The Russian email-hacking scandal comes down to this question: Do you believe, U.S. intelligence agencies or a former Soviet Union spy chief whose iron-fisted rule is the antithesis of freedom and democracy?
Anyone who is willing to give Russian President Vladimir Putin the benefit of the doubt is either na Øve or has an agenda that should trouble all patriotic Americans.
Putin and the thuggish members of his inner circle have been caught red-handed by U.S. intelligence agencies as orchestrating a hidden campaign to influence America’s presidential election in favor of Republican Donald Trump over Democrat Hillary Clinton.
At a news conference Wednesday, Trump conceded for the first time publicly that Russia was responsible for the hacking. However, he stopped short of pointing the finger of blame at Putin.
Asked about his relationship with the Russian leader, Trump said, “If Putin likes Donald Trump, guess what folks, that’s called an asset, not a liability. I don’t know if I’m going to get along with Vladimir Putin – I hope I do – but there’s a good chance I won’t.”
An unclassified version of an intelligence report made public last week provides incontrovertible evidence of Russian hacking into email accounts of the Democratic National Committee and individual Democrats such as John Podesta, Clinton’s campaign chairman.
Why would Putin and his minions care about who will lead the United States for the next four years? The answer lies in how they view Trump and Clinton.
The Democratic presidential nominee who lost the electoral vote count but received 2.9 million more votes than the Republican nominee in the popular vote tally has long been a thorn in Putin’s side. As secretary of state, Clinton was harshly critical of the presidential election in Russia and of Putin’s stated desire to resurrect the old Soviet Union.
Russia’s occupancy of Crimea and its designs on other Eastern European countries that once formed the Soviet Union have triggered United Nations sanctions and harsh criticism from the administration of President Barack Obama.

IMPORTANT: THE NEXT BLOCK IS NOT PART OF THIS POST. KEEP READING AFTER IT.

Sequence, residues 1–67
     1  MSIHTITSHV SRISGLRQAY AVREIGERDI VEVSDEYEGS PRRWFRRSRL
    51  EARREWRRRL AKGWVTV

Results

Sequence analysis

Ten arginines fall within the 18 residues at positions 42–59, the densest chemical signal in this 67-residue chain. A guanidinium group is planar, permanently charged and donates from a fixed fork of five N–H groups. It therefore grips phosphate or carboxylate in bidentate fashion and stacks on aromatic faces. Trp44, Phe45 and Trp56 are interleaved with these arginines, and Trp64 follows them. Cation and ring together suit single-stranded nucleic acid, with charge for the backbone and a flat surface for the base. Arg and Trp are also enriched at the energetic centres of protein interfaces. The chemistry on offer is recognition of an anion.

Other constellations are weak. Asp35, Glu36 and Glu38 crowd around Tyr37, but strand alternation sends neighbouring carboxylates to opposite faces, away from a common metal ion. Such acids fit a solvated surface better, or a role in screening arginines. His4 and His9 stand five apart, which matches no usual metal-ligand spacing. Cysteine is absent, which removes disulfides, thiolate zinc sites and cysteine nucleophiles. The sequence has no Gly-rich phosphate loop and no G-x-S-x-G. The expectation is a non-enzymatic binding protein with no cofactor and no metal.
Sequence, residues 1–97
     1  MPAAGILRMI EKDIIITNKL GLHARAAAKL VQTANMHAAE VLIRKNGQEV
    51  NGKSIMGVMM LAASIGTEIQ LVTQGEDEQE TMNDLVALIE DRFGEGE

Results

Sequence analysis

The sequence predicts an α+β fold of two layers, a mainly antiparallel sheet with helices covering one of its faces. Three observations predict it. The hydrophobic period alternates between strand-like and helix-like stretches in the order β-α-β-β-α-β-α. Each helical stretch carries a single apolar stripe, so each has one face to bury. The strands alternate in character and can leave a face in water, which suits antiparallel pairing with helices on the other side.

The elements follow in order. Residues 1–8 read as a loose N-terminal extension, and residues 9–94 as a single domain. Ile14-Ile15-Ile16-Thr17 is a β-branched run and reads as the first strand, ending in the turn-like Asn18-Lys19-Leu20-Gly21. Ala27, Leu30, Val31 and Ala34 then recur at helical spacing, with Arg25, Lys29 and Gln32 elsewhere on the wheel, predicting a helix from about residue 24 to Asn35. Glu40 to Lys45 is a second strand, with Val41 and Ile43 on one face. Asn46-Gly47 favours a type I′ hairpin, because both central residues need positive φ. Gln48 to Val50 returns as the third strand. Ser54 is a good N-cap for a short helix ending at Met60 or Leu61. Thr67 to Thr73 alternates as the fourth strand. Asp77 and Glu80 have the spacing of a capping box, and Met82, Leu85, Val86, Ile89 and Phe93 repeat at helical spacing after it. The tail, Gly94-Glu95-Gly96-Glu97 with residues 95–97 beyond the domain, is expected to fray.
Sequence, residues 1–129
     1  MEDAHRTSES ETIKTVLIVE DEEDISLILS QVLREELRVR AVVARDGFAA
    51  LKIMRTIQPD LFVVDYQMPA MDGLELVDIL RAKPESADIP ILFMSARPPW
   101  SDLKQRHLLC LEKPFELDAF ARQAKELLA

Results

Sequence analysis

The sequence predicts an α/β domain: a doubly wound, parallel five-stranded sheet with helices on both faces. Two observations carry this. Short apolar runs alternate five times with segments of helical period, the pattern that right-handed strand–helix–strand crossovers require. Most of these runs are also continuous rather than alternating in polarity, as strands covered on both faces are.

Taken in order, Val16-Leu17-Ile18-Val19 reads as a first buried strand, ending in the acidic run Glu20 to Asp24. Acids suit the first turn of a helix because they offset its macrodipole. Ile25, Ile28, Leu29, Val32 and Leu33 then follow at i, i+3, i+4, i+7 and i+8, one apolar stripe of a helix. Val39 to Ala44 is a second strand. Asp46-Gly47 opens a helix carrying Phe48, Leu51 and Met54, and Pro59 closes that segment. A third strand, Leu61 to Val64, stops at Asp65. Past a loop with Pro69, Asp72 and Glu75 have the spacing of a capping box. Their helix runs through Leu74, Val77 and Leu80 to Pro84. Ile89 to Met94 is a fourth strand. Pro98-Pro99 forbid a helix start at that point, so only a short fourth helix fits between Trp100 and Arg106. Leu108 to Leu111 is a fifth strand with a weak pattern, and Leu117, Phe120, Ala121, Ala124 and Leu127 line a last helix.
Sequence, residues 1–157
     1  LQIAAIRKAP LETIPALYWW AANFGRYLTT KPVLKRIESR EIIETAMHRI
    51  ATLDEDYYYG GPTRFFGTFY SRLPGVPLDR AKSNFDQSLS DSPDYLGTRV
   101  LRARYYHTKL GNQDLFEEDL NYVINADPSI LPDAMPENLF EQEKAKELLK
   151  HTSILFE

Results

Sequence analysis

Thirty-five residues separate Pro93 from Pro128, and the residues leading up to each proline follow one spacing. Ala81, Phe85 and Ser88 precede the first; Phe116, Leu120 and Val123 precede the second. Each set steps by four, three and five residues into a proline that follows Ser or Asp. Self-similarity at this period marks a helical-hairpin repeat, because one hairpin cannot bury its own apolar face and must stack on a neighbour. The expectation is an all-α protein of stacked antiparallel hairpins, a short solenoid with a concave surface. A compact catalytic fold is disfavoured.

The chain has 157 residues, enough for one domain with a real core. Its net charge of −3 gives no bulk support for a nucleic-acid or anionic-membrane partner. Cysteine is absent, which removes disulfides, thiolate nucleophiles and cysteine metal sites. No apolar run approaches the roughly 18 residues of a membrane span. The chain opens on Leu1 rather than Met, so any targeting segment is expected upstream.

Trump, on the other hand, suggests that concerns about Putin’s goal of global domination are overblown and without foundation.
Trump was briefed on the classified account of Putin’s involvement in the hacking scheme, but continued to insist any such interference did not affect the outcome of the presidential election.
To further demonstrate his willingness to give Putin and his dictatorial government the benefit of the doubt, Trump said Saturday that “only ‘stupid’ people or fools” would dismiss closer ties with Russia.
“Having a good relationship with Russia is a good thing, not a bad thing,” said the president-elect who will be sworn in Jan. 20.
The comment suggests that President Trump would lift the sanctions imposed by President Obama against Russian spy agencies, reopen the two Russian compounds closed by the administration and roll back the expulsion of 35 diplomats. The U.S. said the diplomats were really spies.
Obama went a step further on Monday in his continuing battle with Russia by blacklisting five Russians, including a senior law enforcement official close to Putin. The sanctions against the five are not related to the U.S. intelligence agencies findings, but instead are connected to a 2012 U.S. law punishing Russian human-rights violations.
Americans are now banned from doing business with the men, and any assets they may have in the United States are now frozen.
But given Trump’s eagerness to curry favor with Putin and the Kremlin, it isn’t far-fetched to imagine the five Russians being given a hero’s welcome by the new administration.
Americans, regardless of party affiliation and political ideology, should be deeply disturbed by Trump’s willingness to give Putin a pass.
It is fortunate, however, that there are leading Republican members of Congress who have not only publicly disagreed with the president-elect, but have made it clear that Russia’s involvement in the presidential election will not go unpunished.
“We intend to lead the effort in the new Congress to impose stronger sanctions on Russia,” Republican Sens. John McCain of Arizona and Lindsey Graham of South Carolina said last month.